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AGILISAURUS

a herbivorous, or perhaps omnivorous, ornithischian dinosaur from the Late Jurassic of China.
agilisaurus-louderbacki
Pronunciation: AH-jih-li-SOR-us
Meaning: Agile lizard
Author/s: Peng (1990)
Synonyms: None known
First Discovery: Sichuan, China
Chart Position: 276

Agilisaurus louderbacki

Despite being one of the most complete bird-hipped dinosaurs known to science, Agilisaurus has led paleontologists a merry-dance. Historically tangled with other small Dashanpu dinosaurs, it was initially listed as an ornithopod, first in Fabrosauridae (an unnatural grouping, since confined to the taxonominc wastebin) then as a member of Heterodontodsauridae (which aren't actually ornithopods). A stint in marginocephalia followed but latest research points to a position right at the foot of Neornithischia.

Funny thing Neornithischia. It contains the ornithopods and marginocephalians plus a small handful of basal critters which, when removed from the equation, leaves exactly the same members as Cerapoda. And despite the name—"neo" means "new"—the new ornithischians mostly aren't, at least the non-ornithopod non-marginocephalian variety like Agilisaurus, as they all hail from the Early to Late Jurassic.

Agilisaurus had a short but high skull and a beak at the tip of its snout and lower jaw for shearing vegetation, though the prescence of short-pointy upper jaw canines and chisel-like cheek teeth has led some scientists to speculate that perhaps they weren't subsisting on vegetation alone. Shins much longer than thighs, a long counter-balancing tail and a gracile build suggest Agilisaurus was extremely fleet of foot, and scleral rings within its eyes indicate a diurnal lifestyle—it was active throughout the day then rested at night. Because it lacks tail-stiffening interwoven bony struts, some paleontologists think it may have been a burrow dweller.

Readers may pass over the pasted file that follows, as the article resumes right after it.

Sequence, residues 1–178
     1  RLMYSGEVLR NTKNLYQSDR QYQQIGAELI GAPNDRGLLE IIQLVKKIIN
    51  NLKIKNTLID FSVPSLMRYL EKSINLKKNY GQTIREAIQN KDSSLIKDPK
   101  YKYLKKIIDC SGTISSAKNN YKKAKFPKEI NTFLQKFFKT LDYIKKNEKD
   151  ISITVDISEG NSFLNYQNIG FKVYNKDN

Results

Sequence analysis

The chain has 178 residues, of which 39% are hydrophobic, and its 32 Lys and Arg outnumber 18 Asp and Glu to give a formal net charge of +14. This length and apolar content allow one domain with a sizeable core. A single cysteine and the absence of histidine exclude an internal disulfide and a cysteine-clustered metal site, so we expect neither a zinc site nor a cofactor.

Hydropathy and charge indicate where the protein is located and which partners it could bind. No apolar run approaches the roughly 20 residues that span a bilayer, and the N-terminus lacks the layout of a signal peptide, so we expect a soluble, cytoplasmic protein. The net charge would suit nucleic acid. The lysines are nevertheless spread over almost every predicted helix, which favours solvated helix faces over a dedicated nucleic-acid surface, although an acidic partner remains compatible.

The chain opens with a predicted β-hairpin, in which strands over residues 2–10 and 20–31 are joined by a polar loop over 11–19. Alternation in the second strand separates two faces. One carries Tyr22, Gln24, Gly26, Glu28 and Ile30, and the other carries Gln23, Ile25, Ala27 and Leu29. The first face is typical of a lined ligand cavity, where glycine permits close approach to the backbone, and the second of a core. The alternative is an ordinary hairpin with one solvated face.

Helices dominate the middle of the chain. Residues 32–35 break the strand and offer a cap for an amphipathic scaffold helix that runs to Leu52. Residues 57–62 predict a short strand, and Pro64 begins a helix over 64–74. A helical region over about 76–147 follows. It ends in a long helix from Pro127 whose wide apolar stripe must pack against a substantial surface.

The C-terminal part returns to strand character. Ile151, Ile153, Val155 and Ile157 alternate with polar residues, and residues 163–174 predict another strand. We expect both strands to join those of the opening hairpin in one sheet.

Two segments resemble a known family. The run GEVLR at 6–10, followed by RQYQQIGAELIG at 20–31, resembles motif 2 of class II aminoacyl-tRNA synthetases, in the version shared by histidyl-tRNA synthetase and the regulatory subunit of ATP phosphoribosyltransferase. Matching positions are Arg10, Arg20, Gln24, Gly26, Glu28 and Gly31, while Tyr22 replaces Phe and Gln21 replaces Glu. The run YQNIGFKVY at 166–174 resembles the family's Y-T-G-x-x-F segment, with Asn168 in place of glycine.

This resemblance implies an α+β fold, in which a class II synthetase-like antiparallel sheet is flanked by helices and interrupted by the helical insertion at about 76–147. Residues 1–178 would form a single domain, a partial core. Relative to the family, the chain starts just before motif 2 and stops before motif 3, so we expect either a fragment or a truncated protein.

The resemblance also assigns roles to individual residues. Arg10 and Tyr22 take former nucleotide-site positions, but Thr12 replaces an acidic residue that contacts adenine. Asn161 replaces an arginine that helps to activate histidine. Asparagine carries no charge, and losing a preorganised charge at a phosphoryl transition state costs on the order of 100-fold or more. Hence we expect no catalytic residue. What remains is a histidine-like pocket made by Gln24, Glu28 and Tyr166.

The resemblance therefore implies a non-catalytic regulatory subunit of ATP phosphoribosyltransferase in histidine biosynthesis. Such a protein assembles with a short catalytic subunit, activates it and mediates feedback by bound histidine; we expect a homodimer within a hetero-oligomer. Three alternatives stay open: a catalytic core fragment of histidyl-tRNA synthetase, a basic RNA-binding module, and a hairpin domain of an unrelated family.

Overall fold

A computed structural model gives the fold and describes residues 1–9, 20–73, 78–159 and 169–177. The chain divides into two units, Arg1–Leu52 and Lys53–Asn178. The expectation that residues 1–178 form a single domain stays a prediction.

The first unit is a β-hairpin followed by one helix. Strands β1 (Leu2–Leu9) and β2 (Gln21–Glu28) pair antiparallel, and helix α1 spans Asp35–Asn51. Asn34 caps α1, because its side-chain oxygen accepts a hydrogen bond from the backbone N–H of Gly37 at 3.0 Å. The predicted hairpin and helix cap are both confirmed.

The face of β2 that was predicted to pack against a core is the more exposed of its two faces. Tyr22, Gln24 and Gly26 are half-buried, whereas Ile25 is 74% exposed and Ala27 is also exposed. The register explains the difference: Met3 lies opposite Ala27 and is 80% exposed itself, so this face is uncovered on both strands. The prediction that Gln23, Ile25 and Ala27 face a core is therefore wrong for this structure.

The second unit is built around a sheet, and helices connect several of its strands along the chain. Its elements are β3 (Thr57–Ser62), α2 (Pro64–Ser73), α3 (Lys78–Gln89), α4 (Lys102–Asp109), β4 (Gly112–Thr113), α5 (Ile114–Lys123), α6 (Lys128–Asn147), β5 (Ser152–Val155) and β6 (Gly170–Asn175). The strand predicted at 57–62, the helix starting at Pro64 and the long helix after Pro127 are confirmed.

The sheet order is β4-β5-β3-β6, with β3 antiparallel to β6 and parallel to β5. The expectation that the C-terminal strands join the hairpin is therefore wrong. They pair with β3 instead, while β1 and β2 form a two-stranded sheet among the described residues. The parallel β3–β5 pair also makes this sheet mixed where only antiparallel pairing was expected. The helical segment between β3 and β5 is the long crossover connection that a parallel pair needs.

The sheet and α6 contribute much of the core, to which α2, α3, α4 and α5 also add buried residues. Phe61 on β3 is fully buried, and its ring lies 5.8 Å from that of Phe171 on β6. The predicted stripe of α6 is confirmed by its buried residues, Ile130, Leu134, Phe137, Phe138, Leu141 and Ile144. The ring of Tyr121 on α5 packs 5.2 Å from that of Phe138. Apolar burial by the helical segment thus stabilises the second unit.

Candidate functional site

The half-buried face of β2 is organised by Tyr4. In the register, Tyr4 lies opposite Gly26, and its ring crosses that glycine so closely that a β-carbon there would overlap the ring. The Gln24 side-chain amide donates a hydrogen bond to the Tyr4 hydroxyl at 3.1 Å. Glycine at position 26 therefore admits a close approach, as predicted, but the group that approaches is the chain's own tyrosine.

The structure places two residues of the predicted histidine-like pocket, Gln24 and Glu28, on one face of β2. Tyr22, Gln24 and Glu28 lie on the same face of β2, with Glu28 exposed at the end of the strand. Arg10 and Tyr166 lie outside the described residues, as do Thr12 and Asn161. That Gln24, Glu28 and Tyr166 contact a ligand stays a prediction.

In a extraordinary twist of fate the one known specimen of Agilisaurus, lacking only bits of both left limbs, was hauled out of the Dashanpu Quarry in China's Lower Shaximiao Formation during construction of the Zigong Dinosaur Museum where it is now housed.
(Louderback's agile lizard) Etymology
Agilisaurus is derived from the Latin "agilis" (agile), in reference to the agility suggested by the light structure of its skeleton and long limbs, and the Greek "sauros" (lizard).
The species epithet, louderbacki, honors the late U.S. geologist Dr. George D. Louderback, the first scientist to discover fossils at the Sichuan Basin in 1915.
Discovery
The only confirmed Agilisaurus remains were discovered in the Lower Shaximiao (Xiashaximiao) Formation near Dashanpu, Zigong, Sichuan Province, China, in 1984.
The Holotype (ZDM T6011) is a complete skull and skeleton missing only a portion of its left fore limb and left hind limb.
Estimations
Timeline:
Era: Mesozoic
Epoch: Late Jurassic
Stage: Bathonian-Callovian
Age range: 168-161 mya
Stats:
Est. max. length: 1.7 meters
Est. max. hip height: ?
Est. max. weight: 12 Kg
Diet: Herbivore
Family Tree:
Dinosauria
Ornithischia
Neornithischia
Agilisaurus
louderbacki
Second Species?
Agilisaurus multidens was named by Peng in 1992 based on remains from the Xiashaximiao Formation at Honghe Dam, Hongheba, that He and Cai had originally assigned to Yandusaurus as Yandusaurus multidens in 1983. It was renamed Hexinlusaurus multidens by Paul Barrett in 2005.
References
• Peng, Guangzhao (1990) "A new small ornithopod (Agilisaurus louderbacki gen. et sp. nov.) from Zigong, China".
• Peng, G. (1992) "Jurassic Ornithopod Agilisaurus louderbacki (Ornithopoda: Fabrosauridae) from Zigong, Sichuan, China".
• Richard J. Butler, Paul Upchurch and David B. Norman (2008) "The phylogeny of the ornithischian dinosaurs."
• D.B. Norman, H.-D. Sues, L.M. Witmer & R.A. Coria (2004) "Basal Ornithopoda" in Weishampel, Dodson and Osmólska (eds) "The Dinosauria: Second edition".
• G.S. Paul (2010) "The Princeton Field Guide to Dinosaurs".
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To cite this page:
Atkinson, L. "AGILISAURUS :: from DinoChecker's dinosaur archive".
›. Web access: 23rd Jun 2017.
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